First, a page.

20. 20. Federal Communications Commission FCC 08-181 AT&T Wireless Order – transactions, such as mergers, can diminish competition and allow firms to exercise market power in a number of ways.139 However, a horizontal transaction or merger is unlikely to create or enhance market power or facilitate its exercise unless the transaction significantly increases concentration and results in a concentrated market, properly defined and measured. Transactions that do not significantly increase concentration or do not result in a concentrated market ordinarily require no further competitive analysis. Thus, when examining the effect of proposed transactions, we have first applied a three-part initial “screen” that identifies those local markets in which there is clearly no competitive harm arising from the transaction. Two parts of the screen utilize changes in the measures of the Herfindahl-Hirschman Index (“HHI”) market concentration. The final part of this screen examines the input market for spectrum available on a nationwide basis for the provision of mobile telephony services.140 For those markets that are not eliminated by the initial screen, we then conduct, on a market- by-market basis, an analysis of other market factors that pertain to competitive effects, including the incentive and ability of other existing firms to react and of new firms to enter the market, in response to attempted exercises of market power by the merged entity. Ultimately, we must assess whether it is likely that the combined firm could exercise market power in any particular market.141 33.Our competitive analysis is set forth in six sections below. First, consistent with these recent wireless transaction orders, we begin our competitive analysis by determining the appropriate market definitions for this transaction.142 This includes determination of the product market and geographic markets, as well as the identification of the market participants. It also considers the input market for spectrum available for the provision of mobile telephony services. As discussed more fully below, applying the same analysis as in the recent transaction orders, we find the product market to be the combined market for mobile telephony services, and the geographic market to be local markets.143 In accordance with the approach that we applied in the AT&T-Dobson Order, we examine the input market based on an updated initial spectrum screen that includes not only spectrum in the cellular, SMR, and broadband PCS bands, but also spectrum in the 700 MHz Band.144 Based on the same precedent, our initial spectrum aggregation screen for the proposed transaction is set at 95 megahertz. In addition, while we still maintain that it is premature to include AWS-1 (1710-1755 MHz and 2110-2155 MHz) and Broadband Radio Service (“BRS”) spectrum in the initial screen, we will consider such spectrum in our 139 See, e.g., AT&T-Dobson Order, 22 FCC Rcd at 20307 ¶ 16; GCI-Alaska Digitel Order, 21 FCC Rcd at 14875 ¶ 23; ALLTEL-Midwest Order, 21 FCC Rcd at 11541 ¶ 24; Sprint-Nextel Order, 20 FCC Rcd at 13982 ¶ 32; ALLTEL-Western Wireless Order, 20 FCC Rcd at 13067 ¶ 24; Cingular-AT&T Wireless Order, 19 FCC Rcd at 21557 ¶ 70. 140 See, e.g., T-Mobile-SunCom Order, 23 FCC Rcd at 2520 ¶ 11; AT&T-Aloha Order, 23 FCC Rcd at 2237 ¶ 10; AT&T-Dobson Order, 22 FCC Rcd at 20307 ¶ 16; GCI-Alaska Digitel Order 21 FCC Rcd at 14875 ¶ 22; DoCoMo- Guam Order, 21 FCC Rcd at 13592 ¶ 17; Sprint-Nextel Order, 20 FCC Rcd at 13979 ¶ 23; ALLTEL-Western Wireless Order, 20 FCC Rcd at 13066 ¶ 22; Cingular-AT&T Wireless Order, 19 FCC Rcd at 21546 ¶ 43. 141 See, e.g., AT&T-Dobson Order, 22 FCC Rcd at 20307 ¶ 16; GCI-Alaska DigiTel Order, 21 FCC Rcd at 14875 ¶ 22; ALLTEL-Midwest Order, 21 FCC Rcd at 11540 ¶ 23; Sprint-Nextel Order, 20 FCC Rcd at 13981 ¶ 31; ALLTEL-Western Wireless Order, 20 FCC Rcd at 13067 ¶ 23; Cingular-AT&T Wireless Order, 19 FCC Rcd at 21556 ¶ 69; DOJ/FTC Merger Guidelines § 1.0. 142 See AT&T-Dobson Order, 22 FCC Rcd at 20307 ¶ 17; GCI-Alaska DigiTel Order, 21 FCC Rcd at 14876 ¶ 24; DoCoMo-Guam Order, 21 FCC Rcd at 13593-94 ¶ 19; ALLTEL-Midwest Wireless Order, 21 FCC Rcd at 11541 ¶ 26; Sprint-Nextel Order, 20 FCC Rcd at 13983 ¶ 38; ALLTEL-Western Wireless Order, 20 FCC Rcd at 13068 ¶ 28; Cingular-AT&T Wireless Order, 19 FCC Rcd at 21558 ¶ 74. 143 See AT&T-Dobson Order, 22 FCC Rcd at 20308-11 ¶ 21-25; GCI-Alaska DigiTel Order, 21 FCC Rcd at 14876-77 ¶¶ 25-27; DoCoMo-Guam Order, 21 FCC Rcd at 13593 ¶ 18; ALLTEL-Midwest Wireless Order, 21 FCC Rcd at 11541-43 ¶¶ 26-31; Sprint-Nextel Order, 20 FCC Rcd at 13983-91 ¶¶ 37-57; ALLTEL-Western Wireless Order, 20 FCC Rcd at 13067-70 ¶¶ 25-36; Cingular-AT&T Wireless Order, 19 FCC Rcd at 21557-63 ¶¶ 71-91. 144 AT&T-Dobson Order, 22 FCC Rcd at 20307-08 ¶ 17. 20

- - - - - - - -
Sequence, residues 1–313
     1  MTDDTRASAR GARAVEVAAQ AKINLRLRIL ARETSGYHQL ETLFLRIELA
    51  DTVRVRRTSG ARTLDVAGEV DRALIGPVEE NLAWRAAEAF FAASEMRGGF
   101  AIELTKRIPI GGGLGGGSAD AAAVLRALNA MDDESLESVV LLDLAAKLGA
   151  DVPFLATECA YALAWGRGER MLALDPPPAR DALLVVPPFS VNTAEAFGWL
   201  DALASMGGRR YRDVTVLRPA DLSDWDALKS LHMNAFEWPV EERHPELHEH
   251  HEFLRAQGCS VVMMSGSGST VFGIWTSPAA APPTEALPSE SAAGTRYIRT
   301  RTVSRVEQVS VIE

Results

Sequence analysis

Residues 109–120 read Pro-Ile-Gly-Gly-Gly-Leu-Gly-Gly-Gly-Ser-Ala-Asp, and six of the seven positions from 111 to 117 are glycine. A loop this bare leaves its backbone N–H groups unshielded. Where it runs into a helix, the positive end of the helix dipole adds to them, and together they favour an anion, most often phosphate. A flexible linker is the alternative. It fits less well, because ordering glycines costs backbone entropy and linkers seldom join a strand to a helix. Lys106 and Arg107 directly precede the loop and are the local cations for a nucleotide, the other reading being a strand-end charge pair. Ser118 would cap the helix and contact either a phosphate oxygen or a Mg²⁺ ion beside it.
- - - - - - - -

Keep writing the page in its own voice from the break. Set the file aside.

21. 21. Federal Communications Commission FCC 08-181 case-by-case analyses to the extent such spectrum is available in any local market not eliminated by our screen.145 We then examine the market participants holding spectrum in these bands 34.Second, we apply the Commission’s three-part initial screen to this transaction. As described above, through this process, we identify those markets that we subject to further case-by-case review while eliminating from further review those markets in which there clearly is no competitive harm. Third, we examine the remaining markets with regard to specific issues related to potential competitive harms associated with horizontal concentration. We consider the potential of both unilateral and coordinated effects resulting from the merger. Fourth, we undertake a granular, market-by-market analysis of the local markets identified by the initial screen. In this transaction, we identify 17 particular local markets by the screen and, after our additional analysis determine that in six of those markets competitive harm would be likely. Fifth, we address other concerns raised by the petitioners in response to this transaction, including the potential adverse impact of the transaction with regard to the provision of roaming services. Sixth, we examine the public interest benefits of the proposed transaction and conclude that the transaction, subject to the conditions we impose, is likely to result in transaction-specific public interest benefits. 35.Finally, consistent with our determination that the proposed Verizon-RCC transaction would likely pose significant competitive harms in six local mobile telephony markets, we adopt various conditions and remedies to prevent these harms. A. Market Definitions 36.Consistent with recent wireless transaction orders, we establish at the outset the appropriate market definitions for our evaluation of the proposed Verizon-RCC transaction. This includes establishing the product and geographic market definitions that we will apply. We also discuss the input market for mobile telephony spectrum and identify market participants that would compete with the proposed merged entity in the provision of mobile telephony services. 1. Product Market Definition 37.As noted above, we adopt the same product market definition as applied by the Commission in recent transactions involving the mobile telephony market – AT&T-Dobson Order, GCI-Alaska DigiTel Order, DoCoMo-Guam Order, ALLTEL-Midwest Wireless Order, Sprint-Nextel Order, ALLTEL-Western Wireless Order, and Cingular-AT&T Wireless Order. In those orders, the Commission found that there are separate relevant product markets for interconnected mobile voice services and mobile data services, and also for residential services and enterprise services.146 Nevertheless, it analyzed all of these product markets under the combined market for mobile telephony service.147 Based on consideration of various factors, including the nature of these services and their relationship with each other, the Commission found that this approach provided a reasonable assessment of any potential competitive harm resulting from the transactions under review.148 145 Id. at 20308 ¶ 17. 146 See AT&T-Dobson Order, 22 FCC Rcd at 20308 ¶ 21; GCI-Alaska DigiTel Order, 21 FCC Rcd at 14876 ¶ 25; DoCoMo-Guam Order, 21 FCC Rcd at 13594 ¶ 19; ALLTEL-Midwest Wireless Order, 21 FCC Rcd at 11541 ¶ 26; Sprint-Nextel Order, 20 FCC Rcd at 13983 ¶ 38; ALLTEL-Western Wireless Order, 20 FCC Rcd at 13068 ¶ 28; Cingular-AT&T Wireless Order, 19 FCC Rcd at 21558 ¶ 74. 147 See AT&T-Dobson Order, 22 FCC Rcd at 20308 ¶ 21; GCI-Alaska DigiTel Order, 21 FCC Rcd at 14876 ¶ 25; DoCoMo-Guam Order, 21 FCC Rcd at 13594 ¶ 19; ALLTEL-Midwest Wireless Order, 21 FCC Rcd at 11541 ¶ 26; Sprint-Nextel Order, 20 FCC Rcd at 13983 ¶ 38; ALLTEL-Western Wireless Order, 20 FCC Rcd at 13068 ¶ 29; Cingular-AT&T Wireless Order, 19 FCC Rcd at 21557 ¶ 74. 148 See AT&T-Dobson Order, 22 FCC Rcd at 20308 ¶ 21; GCI-Alaska DigiTel Order, 21 FCC Rcd at 14876 ¶ 25; DoCoMo-Guam Order, 21 FCC Rcd at 13594 ¶ 19; ALLTEL-Midwest Wireless Order, 21 FCC Rcd at 11541 ¶ 26; Sprint-Nextel Order, 20 FCC Rcd at 13983 ¶ 38; ALLTEL-Western Wireless Order, 20 FCC Rcd at 13068-69 ¶¶ 29-30; Cingular-AT&T Wireless Order, 19 FCC Rcd at 21559-60 ¶¶ 77, 79. 21